In nomine Jesu!

Given the state of the Church, the city and the world and given each of our individual states, it seems to me that this is the year we should return to a basic Advent theme, the theme of hope. You recognize hope as one of the three theological virtues Saint Paul extols in 1 Corinthians 13: "And now faith, hope and love abide, these three…"; and while we talk a great deal about faith and love from this pulpit, we have not said much about the virtue sandwiched-in-between faith and love: hope. Unfortunately, hope has lost some of its power because we have often confused hope with optimism and even more often reduced its meaning to cover inconsequential and often trivial things.

Singing the Litany in procession is an ideal way of setting the stage for hope. The Litany is probably the best prayer we have for holding up to God the totality of our broken creation and rehearsing God's response to our fervent pleas for mercy and help. With the exception of specifics, like the naming the names of those who are in need or of specific places in conflict, the Litany covers just about every matter that bedevils us. In my mind's eye a picture forms
with each and very petition. The cumulative effect is staggering. Probably "staggering" is not sufficiently strong to describe our predicament. What is our point of reference in a world so filled with chaos? What else can go wrong in the days ahead? How can we move forward with any hope? If all the Litany can do is spell out our human predicament, we would have to agree with Saint Paul, "…we are of all people most to be pitied" (1 Corinthians 15:19) because the only thing left is despair, or, equally deadening, a kind of self-enforced ignorance and "party-on, dude" attitude by which we try to convince ourselves that there's nothing we can about anything. Despair? Drop out? I, for one, would prefer some other options. I, for one, would prefer to meet the days ahead with hope.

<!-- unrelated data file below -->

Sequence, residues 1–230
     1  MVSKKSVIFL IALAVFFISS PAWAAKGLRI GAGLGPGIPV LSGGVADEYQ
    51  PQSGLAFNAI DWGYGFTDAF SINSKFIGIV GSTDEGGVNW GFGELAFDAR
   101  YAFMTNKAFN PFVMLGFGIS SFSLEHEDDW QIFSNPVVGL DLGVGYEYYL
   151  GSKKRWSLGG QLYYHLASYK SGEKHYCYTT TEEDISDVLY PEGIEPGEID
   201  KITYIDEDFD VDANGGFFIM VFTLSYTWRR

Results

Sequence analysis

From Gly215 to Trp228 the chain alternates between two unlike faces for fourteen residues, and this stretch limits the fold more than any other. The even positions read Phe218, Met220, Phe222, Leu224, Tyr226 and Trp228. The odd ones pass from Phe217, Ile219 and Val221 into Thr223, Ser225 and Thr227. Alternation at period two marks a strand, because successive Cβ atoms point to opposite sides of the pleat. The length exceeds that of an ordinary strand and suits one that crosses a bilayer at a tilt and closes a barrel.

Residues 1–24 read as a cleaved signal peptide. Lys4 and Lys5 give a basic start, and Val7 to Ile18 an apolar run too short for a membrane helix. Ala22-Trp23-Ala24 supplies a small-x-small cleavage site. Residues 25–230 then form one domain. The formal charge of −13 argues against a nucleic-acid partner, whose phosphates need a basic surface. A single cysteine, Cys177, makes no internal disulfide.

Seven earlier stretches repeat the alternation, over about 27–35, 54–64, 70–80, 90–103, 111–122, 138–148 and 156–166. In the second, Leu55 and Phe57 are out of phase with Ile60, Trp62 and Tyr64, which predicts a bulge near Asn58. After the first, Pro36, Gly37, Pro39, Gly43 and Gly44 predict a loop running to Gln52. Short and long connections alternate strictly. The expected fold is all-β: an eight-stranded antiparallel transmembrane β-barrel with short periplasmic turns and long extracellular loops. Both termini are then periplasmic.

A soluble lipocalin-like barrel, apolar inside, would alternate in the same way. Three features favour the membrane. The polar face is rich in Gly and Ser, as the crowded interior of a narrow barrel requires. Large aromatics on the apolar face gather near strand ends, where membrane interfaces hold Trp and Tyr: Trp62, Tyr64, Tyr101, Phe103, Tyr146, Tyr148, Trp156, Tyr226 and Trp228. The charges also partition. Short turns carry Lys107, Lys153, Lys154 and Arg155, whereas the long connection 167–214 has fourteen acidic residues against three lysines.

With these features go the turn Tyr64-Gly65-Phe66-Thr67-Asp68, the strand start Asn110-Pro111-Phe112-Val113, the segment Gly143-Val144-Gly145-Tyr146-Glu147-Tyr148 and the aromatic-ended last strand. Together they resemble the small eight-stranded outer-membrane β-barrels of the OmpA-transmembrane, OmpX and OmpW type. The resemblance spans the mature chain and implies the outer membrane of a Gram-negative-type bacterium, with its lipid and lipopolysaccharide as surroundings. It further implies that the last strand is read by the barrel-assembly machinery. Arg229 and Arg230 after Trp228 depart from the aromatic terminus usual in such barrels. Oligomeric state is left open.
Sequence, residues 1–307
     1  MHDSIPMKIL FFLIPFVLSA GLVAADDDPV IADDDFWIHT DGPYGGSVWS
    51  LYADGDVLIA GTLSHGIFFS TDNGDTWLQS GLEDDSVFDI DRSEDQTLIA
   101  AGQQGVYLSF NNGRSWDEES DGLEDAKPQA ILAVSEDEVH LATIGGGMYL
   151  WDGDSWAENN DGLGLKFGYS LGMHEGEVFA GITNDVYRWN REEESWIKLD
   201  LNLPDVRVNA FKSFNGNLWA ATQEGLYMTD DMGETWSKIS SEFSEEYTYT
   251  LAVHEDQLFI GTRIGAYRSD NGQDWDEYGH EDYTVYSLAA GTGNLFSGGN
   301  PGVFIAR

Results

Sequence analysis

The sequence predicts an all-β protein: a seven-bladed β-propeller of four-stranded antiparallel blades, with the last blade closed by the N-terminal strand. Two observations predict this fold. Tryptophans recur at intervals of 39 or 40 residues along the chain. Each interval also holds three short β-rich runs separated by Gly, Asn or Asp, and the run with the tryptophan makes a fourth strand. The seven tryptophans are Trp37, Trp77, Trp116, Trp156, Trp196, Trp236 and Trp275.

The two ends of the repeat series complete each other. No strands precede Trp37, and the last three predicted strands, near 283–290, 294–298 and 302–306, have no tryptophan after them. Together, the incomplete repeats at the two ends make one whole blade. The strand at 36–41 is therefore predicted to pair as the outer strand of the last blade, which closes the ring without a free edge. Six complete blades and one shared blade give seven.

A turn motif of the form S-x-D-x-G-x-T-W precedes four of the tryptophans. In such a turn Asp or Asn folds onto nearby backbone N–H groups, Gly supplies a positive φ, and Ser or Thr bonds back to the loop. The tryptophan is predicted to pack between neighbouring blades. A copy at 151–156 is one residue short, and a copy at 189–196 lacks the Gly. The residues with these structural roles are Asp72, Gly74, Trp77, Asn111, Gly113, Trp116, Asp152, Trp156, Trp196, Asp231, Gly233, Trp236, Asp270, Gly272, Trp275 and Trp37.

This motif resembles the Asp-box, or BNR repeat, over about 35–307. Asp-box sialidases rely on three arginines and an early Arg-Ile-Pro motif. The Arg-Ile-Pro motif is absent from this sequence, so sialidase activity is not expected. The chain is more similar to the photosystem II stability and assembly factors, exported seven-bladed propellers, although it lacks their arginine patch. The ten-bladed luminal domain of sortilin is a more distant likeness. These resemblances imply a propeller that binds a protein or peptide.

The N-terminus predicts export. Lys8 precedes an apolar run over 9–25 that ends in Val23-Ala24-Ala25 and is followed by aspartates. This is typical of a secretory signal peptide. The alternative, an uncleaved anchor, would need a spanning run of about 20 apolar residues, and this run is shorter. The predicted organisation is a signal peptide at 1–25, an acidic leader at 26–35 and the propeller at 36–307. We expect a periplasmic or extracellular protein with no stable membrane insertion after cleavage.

Our ancestors in the faith point us toward hope. They urge us not to despair but to hope, and they ground our hope in God's covenant promise. Today we hear it from Jeremiah: the Lord "…shall execute justice and righteousness in the land" (15b). Notice where the prophet puts hope's accent: not on some super-power or corporate giant but on the Lord. How we need to hear that good news and embrace it: the God of our ancestors is still in charge of this world and
its ultimate destiny! That's why today's psalmist can pray: "Let not my enemies triumph over me. Let none who look to you be put to shame; let the treacherous be disappointed in their schemes" (1b, 2).

Why do we hear that as a word of hope? Because on that first Advent, God, whom even the heavens cannot contain, broke into our hopeless world and gave hope flesh and blood. There in Bethlehem's stable, we see God's imprint of hope on our humanity. In the manger, God's vision of hope begins to take shape in the child who comes to bring good news to the poor, release to the captives, recovery of sight to the blind and to let the oppressed go free (Luke 4:15-19). How can this happen? Because the Lord is our righteousness (33:16b). And who is this Lord? In the Litany we name the name: Jesus Christ, the Lamb of God who takes away the sin of the world; who grants us peace.